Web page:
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picked up the money himself, because Western Union requires that information from the person picking up the transferred money. The government also introduced testimony from Antje Pandelos, the wife of Michael Pandelos, the individual listed in the Indictment as a victim of Diamreyan’s wire fraud. Ms. Pandelos testified about her husband’s email address and his business phone number. His business phone number was the same Connecticut number listed on the phone records introduced by Lauria. A call was made from Diamreyan’s x0246 number to the Pandelos’ number on August 19, 2006. Ms. Pandelos testified that her husband had no legitimate business contacts in Africa after 2004, and that he had no friends or family in Africa. Ms. Pandelos testified that she sent money overseas at her husband’s direction “because there were. . . promises behind it. They said they were going to work with [her] husband to secure some kind of contracts and he would be richly rewarded.” Ms. Pandelos testified that she was the one making trips to the bank and to Western Union because her husband had had a stroke and could no longer make such trips. The government introduced two Western Union receipts, reflecting the wire transfers on August 22 and 26, 2006, listed in the Indictment, and Ms. Pandelos testified that her signature was on those receipts. Ms. Pandelos also identified an email from an alleged “Inspector Kofi” to her husband’s email account on August 20, 2006, which directs Mr. Pandelos to send a payment “tomorrow” to “Mike Okpako.” This email has written on it “Replied 8/22" and “Send second 8/24.” Ms. Pandelos testified that this was written in her husband’s handwriting. The government also introduced testimony from Diamreyan’s wife, Martine Janvier. She testified that Diamreyan used the milkymyx email account when she first 4

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met him on the internet in 2003. She and Diamreyan married in 2008. Janvier testified that she would pick up money from Western Union and MoneyGram for Diamreyan, but that she did not know the people sending the money and believed the transactions were legitimate. She said that Diamreyan would sometimes tell her to send the money along to him, but would also tell her to apply it to his bills in the United States. She recalled picking up the money sent by Michael Pandelos and testified that Diamreyan told her to apply it to his phone bill. The government also introduced an email from Diamreyan to Janvier on August 28, asking her to pick up $100 from Western Union from the sender Michael Pandelos and directing Janvier to hold the money for Diamreyan until he told her what to do with it. Finally, the government introduced testimony from Customs and Border Protection Officer Michael Carbone. Carbone performed a secondary inspection of Diamreyan at Logan Airport on July 31, 2009. Carbone testified that Diamreyan’s cell phone included text messages about Western Union and other financial transactions. Carbone also searched Diamreyan’s thumb drive, which included fraudulent, officiallooking documents such as the ones sent to Mitchell Bender and Richard Smith in their emails with Diamreyan. II. STANDARD OF REVIEW Rule 29(a) of the Federal Rules of Criminal Procedure provides that district courts “must enter a judgment of acquittal of any offense for which the evidence is insufficient to sustain a conviction.” FED . R. CRIM . P. 29(a). Rules 29(b) and (c) allow a court to reserve the decision on the motion until after the jury returns a verdict. See FED . R. CRIM . P. 29. “A defendant challenging the sufficiency of the evidence that was 5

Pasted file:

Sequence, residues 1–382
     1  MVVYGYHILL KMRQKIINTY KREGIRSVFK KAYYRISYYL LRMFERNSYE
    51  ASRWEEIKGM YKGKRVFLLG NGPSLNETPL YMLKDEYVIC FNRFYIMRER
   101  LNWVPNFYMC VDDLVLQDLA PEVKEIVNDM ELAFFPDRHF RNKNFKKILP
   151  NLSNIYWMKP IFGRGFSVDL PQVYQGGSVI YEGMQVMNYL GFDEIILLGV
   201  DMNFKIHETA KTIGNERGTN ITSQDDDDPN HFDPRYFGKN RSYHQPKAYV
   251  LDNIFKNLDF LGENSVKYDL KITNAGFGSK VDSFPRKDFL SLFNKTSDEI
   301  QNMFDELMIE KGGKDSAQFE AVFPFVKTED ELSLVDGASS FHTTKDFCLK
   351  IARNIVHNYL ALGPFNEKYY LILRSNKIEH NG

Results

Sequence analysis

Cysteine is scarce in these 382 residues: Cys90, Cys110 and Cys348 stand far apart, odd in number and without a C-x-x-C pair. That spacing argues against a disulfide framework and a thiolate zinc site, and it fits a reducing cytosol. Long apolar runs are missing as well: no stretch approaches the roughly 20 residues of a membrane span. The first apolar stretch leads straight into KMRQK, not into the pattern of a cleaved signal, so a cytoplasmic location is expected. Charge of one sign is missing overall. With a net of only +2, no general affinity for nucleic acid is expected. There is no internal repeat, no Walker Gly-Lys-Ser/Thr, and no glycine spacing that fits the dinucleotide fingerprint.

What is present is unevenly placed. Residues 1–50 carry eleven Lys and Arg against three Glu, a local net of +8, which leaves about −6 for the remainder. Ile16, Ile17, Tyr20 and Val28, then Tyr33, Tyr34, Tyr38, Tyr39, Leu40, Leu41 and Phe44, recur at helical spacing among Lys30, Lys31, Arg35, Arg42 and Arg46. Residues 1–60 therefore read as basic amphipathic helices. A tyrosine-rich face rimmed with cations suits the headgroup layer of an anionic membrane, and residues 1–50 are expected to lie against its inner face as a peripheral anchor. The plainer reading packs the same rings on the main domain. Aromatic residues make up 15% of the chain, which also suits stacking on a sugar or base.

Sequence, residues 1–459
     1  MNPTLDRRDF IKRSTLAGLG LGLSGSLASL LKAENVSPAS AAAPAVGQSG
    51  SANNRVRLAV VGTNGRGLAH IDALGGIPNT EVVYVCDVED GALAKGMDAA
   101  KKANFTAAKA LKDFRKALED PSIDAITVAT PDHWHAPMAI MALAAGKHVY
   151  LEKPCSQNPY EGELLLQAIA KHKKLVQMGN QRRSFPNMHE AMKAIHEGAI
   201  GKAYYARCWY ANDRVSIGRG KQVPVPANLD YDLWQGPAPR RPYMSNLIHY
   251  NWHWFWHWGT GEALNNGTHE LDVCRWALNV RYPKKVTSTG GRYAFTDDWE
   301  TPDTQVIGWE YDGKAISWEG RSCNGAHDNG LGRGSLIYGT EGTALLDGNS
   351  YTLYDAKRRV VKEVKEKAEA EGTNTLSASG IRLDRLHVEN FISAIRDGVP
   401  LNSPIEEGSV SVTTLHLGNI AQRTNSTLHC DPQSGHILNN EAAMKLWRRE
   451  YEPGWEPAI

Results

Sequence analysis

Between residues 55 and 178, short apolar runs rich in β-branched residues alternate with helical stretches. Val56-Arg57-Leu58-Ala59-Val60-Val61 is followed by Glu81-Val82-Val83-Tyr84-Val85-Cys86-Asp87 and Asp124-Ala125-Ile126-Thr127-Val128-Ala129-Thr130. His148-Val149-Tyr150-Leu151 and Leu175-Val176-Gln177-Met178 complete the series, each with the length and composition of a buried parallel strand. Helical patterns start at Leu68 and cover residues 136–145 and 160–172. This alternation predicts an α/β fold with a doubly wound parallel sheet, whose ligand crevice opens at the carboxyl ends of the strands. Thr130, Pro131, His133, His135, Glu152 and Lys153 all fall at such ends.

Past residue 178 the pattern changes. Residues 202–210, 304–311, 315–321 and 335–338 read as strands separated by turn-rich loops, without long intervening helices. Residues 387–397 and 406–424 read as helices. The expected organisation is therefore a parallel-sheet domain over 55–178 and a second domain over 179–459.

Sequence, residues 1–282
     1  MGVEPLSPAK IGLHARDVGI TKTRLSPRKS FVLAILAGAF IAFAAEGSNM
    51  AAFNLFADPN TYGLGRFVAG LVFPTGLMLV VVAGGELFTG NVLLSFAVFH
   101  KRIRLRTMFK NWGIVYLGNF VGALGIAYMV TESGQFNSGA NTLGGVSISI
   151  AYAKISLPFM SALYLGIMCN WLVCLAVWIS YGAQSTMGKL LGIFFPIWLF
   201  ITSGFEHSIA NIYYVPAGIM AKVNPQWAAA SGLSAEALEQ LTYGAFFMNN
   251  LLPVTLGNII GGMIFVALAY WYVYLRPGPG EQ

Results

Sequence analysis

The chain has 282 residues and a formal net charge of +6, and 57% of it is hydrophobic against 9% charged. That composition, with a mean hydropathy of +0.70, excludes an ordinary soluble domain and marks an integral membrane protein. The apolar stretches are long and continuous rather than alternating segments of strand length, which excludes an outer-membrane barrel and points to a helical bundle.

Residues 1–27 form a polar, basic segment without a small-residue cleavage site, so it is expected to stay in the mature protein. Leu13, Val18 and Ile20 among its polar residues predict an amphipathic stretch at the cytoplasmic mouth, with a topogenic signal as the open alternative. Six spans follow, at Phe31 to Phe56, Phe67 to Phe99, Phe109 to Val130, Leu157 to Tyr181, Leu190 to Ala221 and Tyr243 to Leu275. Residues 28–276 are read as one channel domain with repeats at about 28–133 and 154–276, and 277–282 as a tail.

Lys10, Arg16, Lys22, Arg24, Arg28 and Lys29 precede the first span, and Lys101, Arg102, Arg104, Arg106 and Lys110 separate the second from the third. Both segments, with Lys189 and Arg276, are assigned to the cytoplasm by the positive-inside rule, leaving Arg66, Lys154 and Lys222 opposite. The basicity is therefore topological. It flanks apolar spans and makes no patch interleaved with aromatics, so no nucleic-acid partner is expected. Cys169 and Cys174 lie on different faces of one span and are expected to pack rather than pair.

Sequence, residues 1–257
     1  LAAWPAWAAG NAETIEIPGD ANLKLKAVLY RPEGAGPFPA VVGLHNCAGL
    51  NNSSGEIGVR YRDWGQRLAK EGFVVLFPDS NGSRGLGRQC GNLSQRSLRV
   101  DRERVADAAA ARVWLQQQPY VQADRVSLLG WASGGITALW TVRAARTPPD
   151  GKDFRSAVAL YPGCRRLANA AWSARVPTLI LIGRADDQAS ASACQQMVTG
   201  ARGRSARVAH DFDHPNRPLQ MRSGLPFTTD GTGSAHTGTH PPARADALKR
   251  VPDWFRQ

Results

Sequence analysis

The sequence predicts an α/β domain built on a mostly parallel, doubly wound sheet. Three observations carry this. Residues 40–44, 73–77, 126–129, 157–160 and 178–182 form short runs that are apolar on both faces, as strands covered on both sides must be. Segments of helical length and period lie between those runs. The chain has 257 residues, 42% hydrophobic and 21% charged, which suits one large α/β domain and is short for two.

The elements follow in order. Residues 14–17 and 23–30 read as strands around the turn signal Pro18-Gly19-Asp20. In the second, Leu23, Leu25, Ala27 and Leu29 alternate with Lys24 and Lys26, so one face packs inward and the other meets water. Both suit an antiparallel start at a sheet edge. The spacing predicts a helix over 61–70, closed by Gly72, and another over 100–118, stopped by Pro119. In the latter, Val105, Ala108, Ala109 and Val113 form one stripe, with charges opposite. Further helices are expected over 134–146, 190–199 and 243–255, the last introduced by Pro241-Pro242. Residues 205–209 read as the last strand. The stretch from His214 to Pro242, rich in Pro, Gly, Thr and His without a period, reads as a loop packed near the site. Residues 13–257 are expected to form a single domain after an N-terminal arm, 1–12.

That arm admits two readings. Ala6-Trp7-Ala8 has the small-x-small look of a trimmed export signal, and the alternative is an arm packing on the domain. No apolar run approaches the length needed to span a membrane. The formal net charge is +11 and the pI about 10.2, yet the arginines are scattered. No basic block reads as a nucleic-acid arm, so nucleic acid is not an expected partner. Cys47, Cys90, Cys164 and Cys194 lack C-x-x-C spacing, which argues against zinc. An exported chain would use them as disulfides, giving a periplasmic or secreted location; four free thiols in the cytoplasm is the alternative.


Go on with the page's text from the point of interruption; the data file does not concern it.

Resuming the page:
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the basis of his conviction at trial bears a ‘heavy burden.’” U.S. v. Hawkins, 547 F.3d 66, 70 (2d Cir. 2008)(quoting U.S. v. Parkes, 497 F.3d 220, 225 (2d Cir. 2007)). In deciding whether to grant a motion pursuant to Rule 29, the court should “view the evidence in the light most favorable to the government, drawing all inferences in the government’s favor and deferring to the jury’s assessments of the witnesses’ credibility.” Hawkins, 547 F.3d at 70. A jury verdict shall be sustained “so long as any rational trier of fact could have found the essential elements of the crime beyond a reasonable doubt.” Id. (quoting Parkes, 497 F.3d at 225-6)(internal quotation marks omitted). “[I]f the evidence viewed in the light most favorable to the prosecution gives equal or nearly equal circumstantial support to a theory of guilt and a theory of innocence, then a reasonable jury must necessarily entertain a reasonable doubt.” U.S. v. Glenn, 312 F.3d 58, 70 (2d Cir. 2002)(internal quotation marks omitted). III. DISCUSSION The essential elements of a wire fraud violation are: (1) a scheme to defraud, (2) the defendant’s participation in the scheme with fraudulent intent, and (3) use of the wires in furtherance of the scheme. See U.S. v Reifler, 446 F.3d 65, 95 (2d Cir. 2006). The jury could have reasonably found all of these elements as to Diamreyan. A scheme to defraud “has been described as a plan to deprive a person of something of value by trick, deceit, chicane or overreaching.” See U.S. v. Autuori, 212 F.3d 105, 115 (2d Cir. 2000). The scheme-to-defraud element is given a broad interpretation, including “everything designed to defraud by representations as to the past or present, or suggestions and promises to the future.” See U.S. v. Altman, 48 F.3d 96, 101 (2d Cir. 1995)(quoting Durland v. U.S., 161 U.S. 306 (1896)). As for the 6

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second element, “where a necessary consequence of the scheme, if it were successful, would be injury to others, fraudulent intent may be inferred from the scheme itself.” See Reifler, 466 F.3d at 96. The defendant is not contesting the third element. See Def.’s Mot. for J. of Acquittal at 8 n.4. A. Count One